Quality of care delivered to type 2 diabetes mellitus patients in public and private sector facilities in Johannesburg, South Africa
Received 6 March 2018
Accepted for publication 11 April 2018
Published 2 October 2018 Volume 2018:11 Pages 383—390
Checked for plagiarism Yes
Review by Single-blind
Peer reviewers approved by Dr Andrew Yee
Peer reviewer comments 2
Editor who approved publication: Dr Scott Fraser
Yacob Pinchevsky,1 Frederick Raal,2 Neil Butkow,1 Tobias Chirwa,3 Larry Distiller,4 Alan Rothberg5
1Department of Pharmacy and Pharmacology, School of Therapeutic Sciences, Faculty of Health Sciences, University of the Witwatersrand, Johannesburg, South Africa; 2Carbohydrate and Lipid Metabolism Research Unit, Faculty of Health Sciences, University of the Witwatersrand, Johannesburg, South Africa; 3Division of Epidemiology and Biostatistics, School of Public Health, Faculty of Health Sciences, University of the Witwatersrand, Johannesburg, South Africa; 4Centre for Diabetes and Endocrinology, Johannesburg, South Africa; 5School of Therapeutic Sciences, Faculty of Health Sciences, University of the Witwatersrand, Johannesburg, South Africa
Purpose: With the realities of resource constraints existing in South Africa’s public sector and the evidence of disparities in health care between populations, the study sought to compare the quality of diabetes care and health-related quality of life (HRQoL) in patients with type 2 diabetes mellitus (T2DM) receiving care within two specialized settings: one in the public and the other in the private sector. Particular emphasis was placed on complication rates at the two sites.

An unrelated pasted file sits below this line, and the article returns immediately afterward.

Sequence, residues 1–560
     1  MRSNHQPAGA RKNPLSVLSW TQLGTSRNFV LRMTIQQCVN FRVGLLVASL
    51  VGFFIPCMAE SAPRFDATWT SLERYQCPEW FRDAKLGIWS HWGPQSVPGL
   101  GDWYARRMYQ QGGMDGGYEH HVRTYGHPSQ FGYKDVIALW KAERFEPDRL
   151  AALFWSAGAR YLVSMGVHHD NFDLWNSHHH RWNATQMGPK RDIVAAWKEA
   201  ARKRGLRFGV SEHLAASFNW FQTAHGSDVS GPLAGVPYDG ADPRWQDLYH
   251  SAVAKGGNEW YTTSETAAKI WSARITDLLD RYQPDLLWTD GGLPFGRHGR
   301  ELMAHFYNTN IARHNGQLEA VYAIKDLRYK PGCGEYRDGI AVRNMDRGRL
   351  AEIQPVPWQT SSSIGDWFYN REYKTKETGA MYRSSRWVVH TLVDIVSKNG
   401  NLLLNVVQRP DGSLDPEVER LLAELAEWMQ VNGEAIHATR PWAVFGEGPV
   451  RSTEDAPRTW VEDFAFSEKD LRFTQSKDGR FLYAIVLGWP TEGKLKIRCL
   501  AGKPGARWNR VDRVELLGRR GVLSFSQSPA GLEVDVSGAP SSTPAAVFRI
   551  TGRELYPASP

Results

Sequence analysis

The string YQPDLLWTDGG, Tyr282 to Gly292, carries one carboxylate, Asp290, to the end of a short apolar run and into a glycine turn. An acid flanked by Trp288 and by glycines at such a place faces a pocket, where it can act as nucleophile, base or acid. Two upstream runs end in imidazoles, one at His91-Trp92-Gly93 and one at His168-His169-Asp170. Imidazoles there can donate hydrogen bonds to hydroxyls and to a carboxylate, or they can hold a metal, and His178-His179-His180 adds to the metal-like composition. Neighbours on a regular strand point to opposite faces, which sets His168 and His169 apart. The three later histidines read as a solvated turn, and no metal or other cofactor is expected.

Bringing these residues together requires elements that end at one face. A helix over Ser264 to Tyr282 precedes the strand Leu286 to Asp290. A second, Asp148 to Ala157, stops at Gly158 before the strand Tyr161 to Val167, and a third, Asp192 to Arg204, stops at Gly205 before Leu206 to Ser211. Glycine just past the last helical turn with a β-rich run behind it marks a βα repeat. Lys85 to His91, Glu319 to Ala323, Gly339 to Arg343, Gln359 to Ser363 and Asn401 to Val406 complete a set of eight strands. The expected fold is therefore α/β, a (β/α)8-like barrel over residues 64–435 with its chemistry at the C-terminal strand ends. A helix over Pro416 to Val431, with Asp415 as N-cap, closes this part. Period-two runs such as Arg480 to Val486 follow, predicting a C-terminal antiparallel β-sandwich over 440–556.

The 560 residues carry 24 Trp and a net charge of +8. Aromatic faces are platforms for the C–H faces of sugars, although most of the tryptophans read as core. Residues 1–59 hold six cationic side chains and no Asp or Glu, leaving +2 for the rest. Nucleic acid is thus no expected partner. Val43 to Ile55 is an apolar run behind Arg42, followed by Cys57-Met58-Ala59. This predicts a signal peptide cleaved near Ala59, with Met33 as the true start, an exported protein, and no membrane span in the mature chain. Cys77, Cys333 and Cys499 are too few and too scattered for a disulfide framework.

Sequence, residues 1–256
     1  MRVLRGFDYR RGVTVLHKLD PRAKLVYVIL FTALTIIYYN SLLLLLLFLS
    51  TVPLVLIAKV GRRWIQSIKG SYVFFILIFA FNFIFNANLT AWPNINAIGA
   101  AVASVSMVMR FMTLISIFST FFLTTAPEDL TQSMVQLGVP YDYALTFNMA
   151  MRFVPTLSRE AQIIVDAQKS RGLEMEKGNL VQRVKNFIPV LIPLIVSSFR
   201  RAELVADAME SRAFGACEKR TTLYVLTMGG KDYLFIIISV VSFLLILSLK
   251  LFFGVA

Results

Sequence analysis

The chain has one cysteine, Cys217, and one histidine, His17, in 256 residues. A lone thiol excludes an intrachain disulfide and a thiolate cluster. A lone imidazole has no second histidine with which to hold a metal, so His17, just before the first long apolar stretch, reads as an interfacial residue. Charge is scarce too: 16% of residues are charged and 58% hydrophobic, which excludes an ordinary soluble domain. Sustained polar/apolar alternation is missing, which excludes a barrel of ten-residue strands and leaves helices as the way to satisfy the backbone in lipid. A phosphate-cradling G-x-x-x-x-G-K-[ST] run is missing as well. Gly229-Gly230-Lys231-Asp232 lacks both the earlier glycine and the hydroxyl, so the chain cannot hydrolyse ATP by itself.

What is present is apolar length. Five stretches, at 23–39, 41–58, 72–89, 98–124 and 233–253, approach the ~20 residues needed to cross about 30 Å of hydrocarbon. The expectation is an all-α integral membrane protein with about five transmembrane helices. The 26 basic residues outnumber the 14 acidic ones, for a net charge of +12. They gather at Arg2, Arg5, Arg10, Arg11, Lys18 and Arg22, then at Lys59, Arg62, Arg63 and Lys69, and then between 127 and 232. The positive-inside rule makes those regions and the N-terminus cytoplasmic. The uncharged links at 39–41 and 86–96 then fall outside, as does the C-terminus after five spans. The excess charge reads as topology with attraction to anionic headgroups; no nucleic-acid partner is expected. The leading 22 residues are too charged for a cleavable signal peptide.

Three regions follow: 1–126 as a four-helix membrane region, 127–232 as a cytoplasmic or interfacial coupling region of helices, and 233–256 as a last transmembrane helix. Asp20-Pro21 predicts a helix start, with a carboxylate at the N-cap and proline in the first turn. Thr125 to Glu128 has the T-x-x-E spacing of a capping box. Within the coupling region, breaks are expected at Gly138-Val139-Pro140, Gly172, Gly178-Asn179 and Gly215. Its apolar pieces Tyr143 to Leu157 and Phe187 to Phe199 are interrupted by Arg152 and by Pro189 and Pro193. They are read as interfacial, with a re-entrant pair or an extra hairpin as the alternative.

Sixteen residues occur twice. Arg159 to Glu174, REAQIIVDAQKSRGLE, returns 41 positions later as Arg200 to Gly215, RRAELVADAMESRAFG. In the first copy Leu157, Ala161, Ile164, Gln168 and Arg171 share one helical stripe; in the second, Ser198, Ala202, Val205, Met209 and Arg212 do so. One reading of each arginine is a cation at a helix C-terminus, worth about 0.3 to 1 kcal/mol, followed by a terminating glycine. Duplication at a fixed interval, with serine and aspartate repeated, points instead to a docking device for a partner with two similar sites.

Patients and methods: Quantitative and qualitative data were collected between June and October 2016 from existing patients’ records at each setting. Data included patient demographics, potential barriers to accessing care, medical history, laboratory results, pharmacological treatment and diabetes-related clinical, biochemical and HRQoL outcomes. With outcome measurements being the priority, methodology incorporated the Donabedian model in which “structure” of health care systems, access to care and processes of care are key to determine outcomes.
Results: A total of 290 T2DM patients were enrolled. Analysis revealed that private patients were predominantly Caucasian with higher socioeconomic indicators (p<0.01) and education levels (p<0.0001) and experienced fewer access barriers to clinical services/care (p<0.00001). Private patients also had more frequent consultations with dietitians (p<0.0001), podiatrists (p<0.0001) and biokineticists (p<0.0001). In the important area of complications, which ultimately determine the course of T2DM, rates of micro- and macrovascular disease as well as HRQoL scores and sub-scores were similar between the sites, which were measured by the EuroQoL-5 dimension (EQ-5D) assessment tool. While results indicated that public sector care may be equivalent in terms of the latter outcomes, a smaller number of patients are treated in the clinic than would be ideal in terms of the public sector burden of T2DM.
Conclusion: Contrary to expectation, despite differences in patient demographics and resources, the HRQoL and quality of care, particularly in terms of T2DM-related complications, were found to be similar across the two settings.
Keywords: diabetes mellitus, quality, barriers, health-related quality of life
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